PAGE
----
Karen Nash
Karen Nash is a medical reporter and media consultant based in Monroeville, PA.
U.S. Preventive Services Task Force report on PSA is another reason for men to avoid the doctor, urologists say
Most urologists say they've already seen reaction to the report's release and the resulting news coverage. Many are concerned that the USPSTF recommendation will give men another excuse to avoid the doctor's office.
Urologists often on the 'defensive' when ordering tests
Urology Times asks five urologists about diagnostic tests and practicing 'defensive' medicine.
Are you using (or will you use) onabotulinumtoxinA to treat certain patients with urinary incontinence?
Urology Times asked urologists if they would use botulinum toxin to treat urinary incontinence.
Planning to merge a urology practice? Tips for a smooth transition
As has happened throughout the field of medicine over the past decade, a growing number of urologists are merging to create larger, more expansive urology practices. Here's how one newly merged practice stayed on track during the merger process.
Urology practice change coming in the form of new alliances, accountable care organizations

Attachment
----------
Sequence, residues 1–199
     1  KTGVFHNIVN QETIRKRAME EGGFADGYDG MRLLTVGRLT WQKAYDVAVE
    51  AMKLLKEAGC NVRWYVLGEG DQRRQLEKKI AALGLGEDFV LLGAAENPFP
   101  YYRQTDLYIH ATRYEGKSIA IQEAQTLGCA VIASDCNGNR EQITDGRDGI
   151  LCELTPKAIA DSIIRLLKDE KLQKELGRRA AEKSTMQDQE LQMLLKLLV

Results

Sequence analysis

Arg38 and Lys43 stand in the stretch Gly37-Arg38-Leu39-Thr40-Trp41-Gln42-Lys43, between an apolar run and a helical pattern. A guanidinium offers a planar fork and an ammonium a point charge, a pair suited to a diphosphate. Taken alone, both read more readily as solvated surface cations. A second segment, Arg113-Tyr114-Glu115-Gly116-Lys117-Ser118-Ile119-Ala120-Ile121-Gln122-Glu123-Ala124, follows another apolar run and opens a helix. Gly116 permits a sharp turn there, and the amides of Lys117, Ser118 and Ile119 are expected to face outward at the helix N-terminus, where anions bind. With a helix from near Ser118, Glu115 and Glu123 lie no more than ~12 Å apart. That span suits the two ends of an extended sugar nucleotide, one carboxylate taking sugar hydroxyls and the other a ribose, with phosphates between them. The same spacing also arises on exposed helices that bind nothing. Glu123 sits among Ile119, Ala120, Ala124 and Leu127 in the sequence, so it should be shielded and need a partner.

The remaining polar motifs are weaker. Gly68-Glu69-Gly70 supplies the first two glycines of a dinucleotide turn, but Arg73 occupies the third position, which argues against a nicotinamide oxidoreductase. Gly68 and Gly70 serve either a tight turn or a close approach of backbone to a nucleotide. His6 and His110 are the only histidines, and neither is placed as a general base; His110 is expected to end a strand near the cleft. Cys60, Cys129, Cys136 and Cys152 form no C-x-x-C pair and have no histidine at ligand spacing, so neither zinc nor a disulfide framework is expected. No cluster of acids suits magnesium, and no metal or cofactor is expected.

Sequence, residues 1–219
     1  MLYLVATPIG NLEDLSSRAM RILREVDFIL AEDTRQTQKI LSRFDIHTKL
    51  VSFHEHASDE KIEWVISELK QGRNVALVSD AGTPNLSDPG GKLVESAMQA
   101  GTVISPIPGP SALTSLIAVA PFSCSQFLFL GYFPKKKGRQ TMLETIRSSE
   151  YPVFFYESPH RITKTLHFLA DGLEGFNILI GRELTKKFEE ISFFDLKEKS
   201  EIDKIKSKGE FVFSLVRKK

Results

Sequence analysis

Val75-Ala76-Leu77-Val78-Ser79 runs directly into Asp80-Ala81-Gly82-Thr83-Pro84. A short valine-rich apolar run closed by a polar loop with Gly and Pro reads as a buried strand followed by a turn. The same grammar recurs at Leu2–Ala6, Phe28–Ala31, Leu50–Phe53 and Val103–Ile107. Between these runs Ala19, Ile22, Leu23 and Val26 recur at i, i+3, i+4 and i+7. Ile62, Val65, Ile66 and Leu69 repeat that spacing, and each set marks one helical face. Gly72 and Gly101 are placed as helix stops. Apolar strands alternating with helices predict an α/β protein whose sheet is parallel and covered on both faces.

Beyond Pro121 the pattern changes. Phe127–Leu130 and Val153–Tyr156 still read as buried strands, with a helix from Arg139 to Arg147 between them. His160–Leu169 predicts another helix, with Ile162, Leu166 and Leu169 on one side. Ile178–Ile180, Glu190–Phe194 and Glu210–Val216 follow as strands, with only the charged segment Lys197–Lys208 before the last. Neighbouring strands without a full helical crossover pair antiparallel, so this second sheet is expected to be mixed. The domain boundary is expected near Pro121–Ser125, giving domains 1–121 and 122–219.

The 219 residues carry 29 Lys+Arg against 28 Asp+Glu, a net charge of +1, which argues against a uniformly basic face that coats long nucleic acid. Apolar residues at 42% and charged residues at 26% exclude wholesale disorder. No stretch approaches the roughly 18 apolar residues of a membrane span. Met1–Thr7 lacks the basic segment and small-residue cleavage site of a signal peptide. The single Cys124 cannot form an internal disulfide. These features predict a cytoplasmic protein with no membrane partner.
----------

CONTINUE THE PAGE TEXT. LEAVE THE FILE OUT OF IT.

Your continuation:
Many urologists are embarking on practice-changing moves, including forming new alliances with area hospitals or other practices and gearing up for participation in accountable care organizations (ACOs).
What's the one piece of equipment you can't live without as a urologist?
Three urologists share their favorite instrument used in their practices.
Urologists say poor efficacy, cost, side effects drive drug noncompliance
Not all patients follow their urologist's recommendations, and Urology Times asked urologists around the country to share their experience with—and advice about—patient noncompliance.
Are you seeing more renal stones in your younger patients?
Urologists' reports of stones in pediatric patients varies by region.
Active surveillance for prostate cancer an imperfect science, urologists say
Urologists share when they offered surveillance, what protocol they used, and how patients responded to this alternative to immediate treatment for low-risk prostate cancer.